A Multispecies Ethnography of Rewilding Practices in Europe
This research examines how rewilding approaches to nature conservation change relations between people and their environment in the Italian Apennine mountains: how is this new form of “wilderness” produced, and what happens when one’s home becomes a wildlife corridor? Rewilding involves managing nature reserves by “letting nature take care of itself”. This works mainly through re-introducing and restoring populations of large predators and herbivores, who are supposed to autonomously influence the ecological processes around them. In the European Union, this approach is increasingly applied as an inexpensive way to transform depopulated areas into biodiversity hotspots. Currently, rewilding organizations are working with local partners and municipalities in several remote areas, mostly in Eastern and Southern Europe. In the Apennine mountains, the main goal is to establish five wildlife corridors that connect a cluster of national parks, to increase the habitat of bears, wolves, ungulates, and birds of prey. Within and beyond these corridors, local communities need to learn to live with the incoming animals. For some people, rewilding offers the chance to (re-)populate the continent with wildlife, while for others, it threatens to perpetuate the depopulation of their region. My study investigates these negotiations as experiments in reforming eco-social relations.
Ethnographically, this project focuses on the scientific production of rewilding landscapes and the contested visions of what “the wild heart of Italy” could become. Thus, the project investigates the tension between conservation as a biopolitical project – aimed at regulating nonhuman populations and promoting certain forms of environmental citizenship – and as an arena of contestation, where new arrangements between humans and other species may emerge. First, I look at rewilding science in practice. Field biologists, guides, and volunteers mostly refrain from regulating wildlife, and instead closely monitor its interactions, for instance through camera traps or GPS-collars. This techno-scientific labour allows for ecological relations that are dynamic and often surprising. What opportunities and imbalances are created when strategic non-intervention becomes a politics of ecological care? Second, I attend to how local communities both resist and appropriate these emerging ecologies. Some people, mainly farmers and hunters, criticize rewilding as an authoritarian imposition. Others, often from the same groups, collaborate with rewilding organizations or independently incorporate similar ideas into their own practices, for instance in agriculture or tourism. Finally, how do these alternative propositions in turn influence rewilding practices and shape ecological relations?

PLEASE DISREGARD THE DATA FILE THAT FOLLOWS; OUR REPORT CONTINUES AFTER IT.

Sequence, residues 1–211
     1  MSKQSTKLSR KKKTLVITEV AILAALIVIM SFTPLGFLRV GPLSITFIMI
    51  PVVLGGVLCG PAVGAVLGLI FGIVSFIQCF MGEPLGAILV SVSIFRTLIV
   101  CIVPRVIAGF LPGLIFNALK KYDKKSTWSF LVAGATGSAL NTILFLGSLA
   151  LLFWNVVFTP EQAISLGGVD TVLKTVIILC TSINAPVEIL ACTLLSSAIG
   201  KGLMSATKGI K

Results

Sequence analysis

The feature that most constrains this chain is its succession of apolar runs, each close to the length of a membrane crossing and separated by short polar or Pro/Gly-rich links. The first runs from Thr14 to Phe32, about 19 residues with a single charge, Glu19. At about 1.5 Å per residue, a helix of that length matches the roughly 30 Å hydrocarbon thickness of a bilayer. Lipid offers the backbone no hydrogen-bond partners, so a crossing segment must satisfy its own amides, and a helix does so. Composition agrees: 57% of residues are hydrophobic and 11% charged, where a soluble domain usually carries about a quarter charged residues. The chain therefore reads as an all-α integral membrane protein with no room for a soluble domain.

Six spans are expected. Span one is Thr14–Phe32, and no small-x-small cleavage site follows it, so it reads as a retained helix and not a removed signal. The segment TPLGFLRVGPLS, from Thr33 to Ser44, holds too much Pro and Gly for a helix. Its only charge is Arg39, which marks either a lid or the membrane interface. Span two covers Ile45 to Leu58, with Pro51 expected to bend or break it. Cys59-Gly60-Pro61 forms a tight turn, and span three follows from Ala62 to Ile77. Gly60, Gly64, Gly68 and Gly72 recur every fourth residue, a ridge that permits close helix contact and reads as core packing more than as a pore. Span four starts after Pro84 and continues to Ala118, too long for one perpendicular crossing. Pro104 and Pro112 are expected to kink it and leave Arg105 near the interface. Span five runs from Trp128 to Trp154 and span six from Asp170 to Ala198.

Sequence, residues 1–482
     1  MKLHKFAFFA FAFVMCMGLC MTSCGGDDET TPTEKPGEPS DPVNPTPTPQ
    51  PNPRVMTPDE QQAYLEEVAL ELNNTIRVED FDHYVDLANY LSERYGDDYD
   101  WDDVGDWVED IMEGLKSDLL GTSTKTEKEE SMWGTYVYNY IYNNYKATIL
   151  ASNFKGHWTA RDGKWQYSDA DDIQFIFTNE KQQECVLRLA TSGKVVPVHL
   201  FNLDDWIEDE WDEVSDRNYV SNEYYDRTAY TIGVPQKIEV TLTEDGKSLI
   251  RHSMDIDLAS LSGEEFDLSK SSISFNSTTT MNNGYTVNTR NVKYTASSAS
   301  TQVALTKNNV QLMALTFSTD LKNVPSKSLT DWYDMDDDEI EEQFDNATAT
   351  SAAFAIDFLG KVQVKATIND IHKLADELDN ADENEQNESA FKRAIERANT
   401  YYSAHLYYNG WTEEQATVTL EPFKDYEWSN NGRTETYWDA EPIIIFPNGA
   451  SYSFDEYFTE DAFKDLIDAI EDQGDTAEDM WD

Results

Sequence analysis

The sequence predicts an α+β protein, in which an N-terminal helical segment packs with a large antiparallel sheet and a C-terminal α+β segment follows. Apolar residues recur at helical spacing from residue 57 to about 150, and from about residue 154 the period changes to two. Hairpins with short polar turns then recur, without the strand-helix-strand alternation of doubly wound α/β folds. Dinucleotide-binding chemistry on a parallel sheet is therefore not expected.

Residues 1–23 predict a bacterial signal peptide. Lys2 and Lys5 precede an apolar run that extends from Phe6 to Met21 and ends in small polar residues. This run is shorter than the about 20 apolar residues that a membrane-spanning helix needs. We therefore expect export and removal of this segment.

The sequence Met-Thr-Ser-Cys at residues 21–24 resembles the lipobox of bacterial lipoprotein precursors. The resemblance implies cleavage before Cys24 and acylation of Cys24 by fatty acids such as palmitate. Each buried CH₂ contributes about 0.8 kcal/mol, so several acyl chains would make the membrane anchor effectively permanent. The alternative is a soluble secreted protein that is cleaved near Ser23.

This research contributes to the fields of both political anthropology and more-than-human anthropology. Its findings will be relevant for new conceptualizations of environmental governance in the EU. Conflicts between rewilding initiatives and local communities reflect wider debates about highly contested eco-political interventions, and issues like biodiversity loss need to be both understood and addressed in tandem with social factors such as rural marginalization. Concerns about rewilding also point to dissatisfactions with power distribution in the EU. In addition, this research contributes to the emerging literature on more-than-human relations in the Anthropocene. While this genre often uses the multispecies lens to understand how ecological crises emerge from the un-designed, out-of-control effects of human-built infrastructures, this research also asks how people respond to such effects. The “nature-driven” approach to rewilding aspires to transform eco-political principles: instead of striving to achieve control over ecological relations in an authoritarian mode, it aims to establish a form of participation.